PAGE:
- One can subsample the training dataset: for example, one can choose the first few thousand images from it. This will decrease accuracy but also decrease training time during debugging stages.
- For each training image, one can downsample the image by say decreasing the width and height both by a factor of d = 2. This will further decrease training times. One can turn the resulting smaller image into an input to the network by flattening it (in MATLAB,
I(:), or in Python,
- One must also choose an error function. I used a simple sum of squared differences between the network's output and the target output, which was a vector that contains all zeros except a one in the location of the labelled correct digit.
What to submit for Part 1:
- One must choose an activation function for each layer of the network, and the number of hidden layers and hidden neurons.
- I found I obtained a test accuracy of around 80% by using a 3 layer architecture, with sigmoid activation functions everywhere, a 14x14 input image, 200 hidden neurons, and a 10 long output layer (with one neuron for each digit), and running on only part of the training set. This performance is quite bad though: by fine-tuning parameters and running on the full training set, you should be able to get better performance!
- Your code
- Report your test accuracy and network architecture.
- Which architecture gives the best performance? Do you find using 0, 1, or more hidden layers gives the best result?
Part 2: Training More Sophisticated Networks with Caffe
The algorithms are no different to train significantly larger networks, or networks using other weight matrices such as those created by convolutions. One simply uses backpropagation and stochastic gradient descent. However, engineering efficient code for such "deep learning" is a practical challenge, which is why people use libraries such as Caffe or Torch.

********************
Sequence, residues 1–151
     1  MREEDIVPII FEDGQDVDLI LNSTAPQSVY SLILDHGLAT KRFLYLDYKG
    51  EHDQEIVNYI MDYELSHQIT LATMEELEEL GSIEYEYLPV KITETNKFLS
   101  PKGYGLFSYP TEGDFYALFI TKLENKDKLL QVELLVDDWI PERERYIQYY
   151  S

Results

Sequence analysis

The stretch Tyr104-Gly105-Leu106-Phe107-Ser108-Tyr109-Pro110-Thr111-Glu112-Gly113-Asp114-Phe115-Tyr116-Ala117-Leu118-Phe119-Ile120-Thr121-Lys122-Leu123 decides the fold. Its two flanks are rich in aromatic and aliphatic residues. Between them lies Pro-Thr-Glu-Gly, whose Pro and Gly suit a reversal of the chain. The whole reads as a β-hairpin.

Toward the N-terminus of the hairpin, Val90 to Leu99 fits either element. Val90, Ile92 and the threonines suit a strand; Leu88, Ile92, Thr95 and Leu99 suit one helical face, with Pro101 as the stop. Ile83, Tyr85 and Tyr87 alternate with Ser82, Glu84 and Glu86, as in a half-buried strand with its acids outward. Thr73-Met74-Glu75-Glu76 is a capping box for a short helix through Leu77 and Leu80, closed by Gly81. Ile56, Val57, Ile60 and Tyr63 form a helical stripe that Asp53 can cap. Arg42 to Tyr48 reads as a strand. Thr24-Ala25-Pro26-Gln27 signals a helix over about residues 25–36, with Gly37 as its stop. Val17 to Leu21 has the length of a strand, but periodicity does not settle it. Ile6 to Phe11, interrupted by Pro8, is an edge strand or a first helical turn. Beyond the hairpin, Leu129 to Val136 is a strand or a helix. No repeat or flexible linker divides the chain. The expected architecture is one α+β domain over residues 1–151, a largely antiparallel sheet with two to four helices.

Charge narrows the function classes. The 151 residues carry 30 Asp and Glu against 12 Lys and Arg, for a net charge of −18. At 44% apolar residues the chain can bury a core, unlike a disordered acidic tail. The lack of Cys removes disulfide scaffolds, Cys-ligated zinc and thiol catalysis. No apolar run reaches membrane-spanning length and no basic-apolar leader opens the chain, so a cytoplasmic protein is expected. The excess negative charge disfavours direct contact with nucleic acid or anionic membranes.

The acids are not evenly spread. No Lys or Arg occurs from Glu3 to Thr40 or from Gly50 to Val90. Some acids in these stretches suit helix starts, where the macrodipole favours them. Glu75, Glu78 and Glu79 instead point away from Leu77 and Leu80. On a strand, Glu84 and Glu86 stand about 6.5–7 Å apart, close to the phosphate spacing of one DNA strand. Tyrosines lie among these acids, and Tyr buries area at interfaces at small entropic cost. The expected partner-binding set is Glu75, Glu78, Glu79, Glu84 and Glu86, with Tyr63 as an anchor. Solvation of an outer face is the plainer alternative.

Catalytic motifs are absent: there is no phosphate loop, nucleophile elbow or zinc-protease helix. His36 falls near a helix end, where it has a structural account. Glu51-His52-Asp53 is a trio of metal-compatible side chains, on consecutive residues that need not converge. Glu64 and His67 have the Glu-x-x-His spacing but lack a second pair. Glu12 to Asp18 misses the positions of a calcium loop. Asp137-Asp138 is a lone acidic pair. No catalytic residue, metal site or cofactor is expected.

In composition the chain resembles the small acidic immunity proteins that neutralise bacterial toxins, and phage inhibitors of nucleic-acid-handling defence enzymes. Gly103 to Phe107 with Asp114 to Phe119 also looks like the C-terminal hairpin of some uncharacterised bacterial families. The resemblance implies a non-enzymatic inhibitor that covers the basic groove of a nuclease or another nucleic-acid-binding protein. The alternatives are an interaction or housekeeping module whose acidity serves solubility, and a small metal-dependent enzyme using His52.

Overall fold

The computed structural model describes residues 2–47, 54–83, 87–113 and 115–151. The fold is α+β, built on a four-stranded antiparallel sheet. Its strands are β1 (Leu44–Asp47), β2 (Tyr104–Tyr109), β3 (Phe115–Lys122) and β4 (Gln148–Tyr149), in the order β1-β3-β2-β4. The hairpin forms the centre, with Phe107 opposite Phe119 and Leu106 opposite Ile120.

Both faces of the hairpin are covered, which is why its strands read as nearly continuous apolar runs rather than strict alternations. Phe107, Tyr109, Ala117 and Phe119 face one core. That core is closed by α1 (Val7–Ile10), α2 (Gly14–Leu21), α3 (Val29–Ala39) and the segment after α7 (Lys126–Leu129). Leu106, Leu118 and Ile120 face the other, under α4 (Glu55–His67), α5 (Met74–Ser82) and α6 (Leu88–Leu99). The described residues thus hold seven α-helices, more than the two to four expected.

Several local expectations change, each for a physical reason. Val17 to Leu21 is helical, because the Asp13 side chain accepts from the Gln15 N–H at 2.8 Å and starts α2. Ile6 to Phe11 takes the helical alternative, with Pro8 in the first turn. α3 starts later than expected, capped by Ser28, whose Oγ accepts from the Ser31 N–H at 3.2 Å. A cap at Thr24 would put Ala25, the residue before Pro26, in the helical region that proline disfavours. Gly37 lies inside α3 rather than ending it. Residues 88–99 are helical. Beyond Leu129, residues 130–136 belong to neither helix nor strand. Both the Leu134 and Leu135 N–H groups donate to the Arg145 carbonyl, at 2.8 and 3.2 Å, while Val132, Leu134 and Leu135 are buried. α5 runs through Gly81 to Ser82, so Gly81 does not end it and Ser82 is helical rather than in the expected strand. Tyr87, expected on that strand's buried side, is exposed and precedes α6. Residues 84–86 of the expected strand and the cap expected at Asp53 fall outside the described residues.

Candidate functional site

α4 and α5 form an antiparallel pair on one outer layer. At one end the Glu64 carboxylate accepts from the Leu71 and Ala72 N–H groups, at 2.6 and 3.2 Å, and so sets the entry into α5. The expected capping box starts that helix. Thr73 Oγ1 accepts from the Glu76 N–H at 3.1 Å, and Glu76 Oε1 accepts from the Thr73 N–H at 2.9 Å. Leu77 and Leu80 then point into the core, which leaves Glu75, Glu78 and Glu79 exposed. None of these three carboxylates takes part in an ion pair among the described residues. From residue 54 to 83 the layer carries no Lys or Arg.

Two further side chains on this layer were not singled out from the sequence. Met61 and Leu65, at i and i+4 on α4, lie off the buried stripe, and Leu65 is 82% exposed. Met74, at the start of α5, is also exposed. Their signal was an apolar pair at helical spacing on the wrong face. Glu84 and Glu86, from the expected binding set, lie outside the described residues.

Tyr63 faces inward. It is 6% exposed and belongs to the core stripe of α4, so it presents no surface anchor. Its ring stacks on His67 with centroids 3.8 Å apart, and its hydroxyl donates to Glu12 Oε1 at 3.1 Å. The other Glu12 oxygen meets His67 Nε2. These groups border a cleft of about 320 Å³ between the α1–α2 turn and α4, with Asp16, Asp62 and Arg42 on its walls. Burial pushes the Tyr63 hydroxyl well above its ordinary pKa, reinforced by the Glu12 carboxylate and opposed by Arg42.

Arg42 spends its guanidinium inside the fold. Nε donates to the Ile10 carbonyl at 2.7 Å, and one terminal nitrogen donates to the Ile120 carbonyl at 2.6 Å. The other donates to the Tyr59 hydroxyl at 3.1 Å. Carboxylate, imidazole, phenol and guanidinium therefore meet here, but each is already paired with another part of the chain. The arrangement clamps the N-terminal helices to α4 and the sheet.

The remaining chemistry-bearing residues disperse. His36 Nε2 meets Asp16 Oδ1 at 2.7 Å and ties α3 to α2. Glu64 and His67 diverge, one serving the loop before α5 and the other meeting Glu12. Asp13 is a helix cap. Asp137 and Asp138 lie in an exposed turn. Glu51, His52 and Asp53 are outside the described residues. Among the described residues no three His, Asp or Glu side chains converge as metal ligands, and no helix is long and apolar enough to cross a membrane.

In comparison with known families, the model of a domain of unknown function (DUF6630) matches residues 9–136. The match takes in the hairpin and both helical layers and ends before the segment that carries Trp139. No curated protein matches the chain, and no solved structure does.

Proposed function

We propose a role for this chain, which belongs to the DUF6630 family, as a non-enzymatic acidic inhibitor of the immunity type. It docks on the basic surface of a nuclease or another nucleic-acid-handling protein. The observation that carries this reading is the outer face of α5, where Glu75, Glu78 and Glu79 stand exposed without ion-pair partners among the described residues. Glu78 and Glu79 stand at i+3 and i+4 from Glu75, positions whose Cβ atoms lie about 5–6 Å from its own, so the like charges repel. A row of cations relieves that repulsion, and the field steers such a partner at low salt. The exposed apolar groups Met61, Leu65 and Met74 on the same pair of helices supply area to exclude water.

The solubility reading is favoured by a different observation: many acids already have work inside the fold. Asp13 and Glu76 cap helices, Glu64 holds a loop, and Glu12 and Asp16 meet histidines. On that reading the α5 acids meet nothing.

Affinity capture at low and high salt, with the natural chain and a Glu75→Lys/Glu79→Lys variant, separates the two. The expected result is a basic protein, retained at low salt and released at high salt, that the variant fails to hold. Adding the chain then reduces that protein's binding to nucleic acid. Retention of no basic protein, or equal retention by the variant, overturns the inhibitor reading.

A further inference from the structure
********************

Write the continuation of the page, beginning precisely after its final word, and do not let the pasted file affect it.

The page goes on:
In Part 2 you will be using Caffe to see if you can improve the performance over the small neural network you built in Part 1.
Installation and Setup of Caffe
The program environment can use your already installed Caffe package and make some slight modifications:
- We suggest to install the Anaconda Python distribution, which provides most of the necessary packages.
- You can open IPython in the same manner as the first assignment, download this example of digit recognition, and modify it. More basic tutorials for Caffe are also available.
- Visualize the test results for the MNIST digit training images and plot the train loss and test accuracy figure as in the example of digit recognition:
- Report the overall test accuracy, and experiment to configure the network to achieve maximum accuracy. Experiment with modifying the neural network activation functions, pooling sizes, convolution stencil sizes, and so forth. You can also try different learning rate, different gradient descent methods and other setting parameters, so see if it improves test accuracy.
Feel free to collaborate on solving the problem but write your code individually.
Submit your assignment in a zip file named
yourname_project2.zip. Please include your source code from part 1. Also, include a document named writeup.doc, describing the best accuracy you achieved in parts 1 and 2, the neural network architectures you used to achieve this accuracy, and the answers to the last question of part 1.
Finally submit your zip to UVA Collab.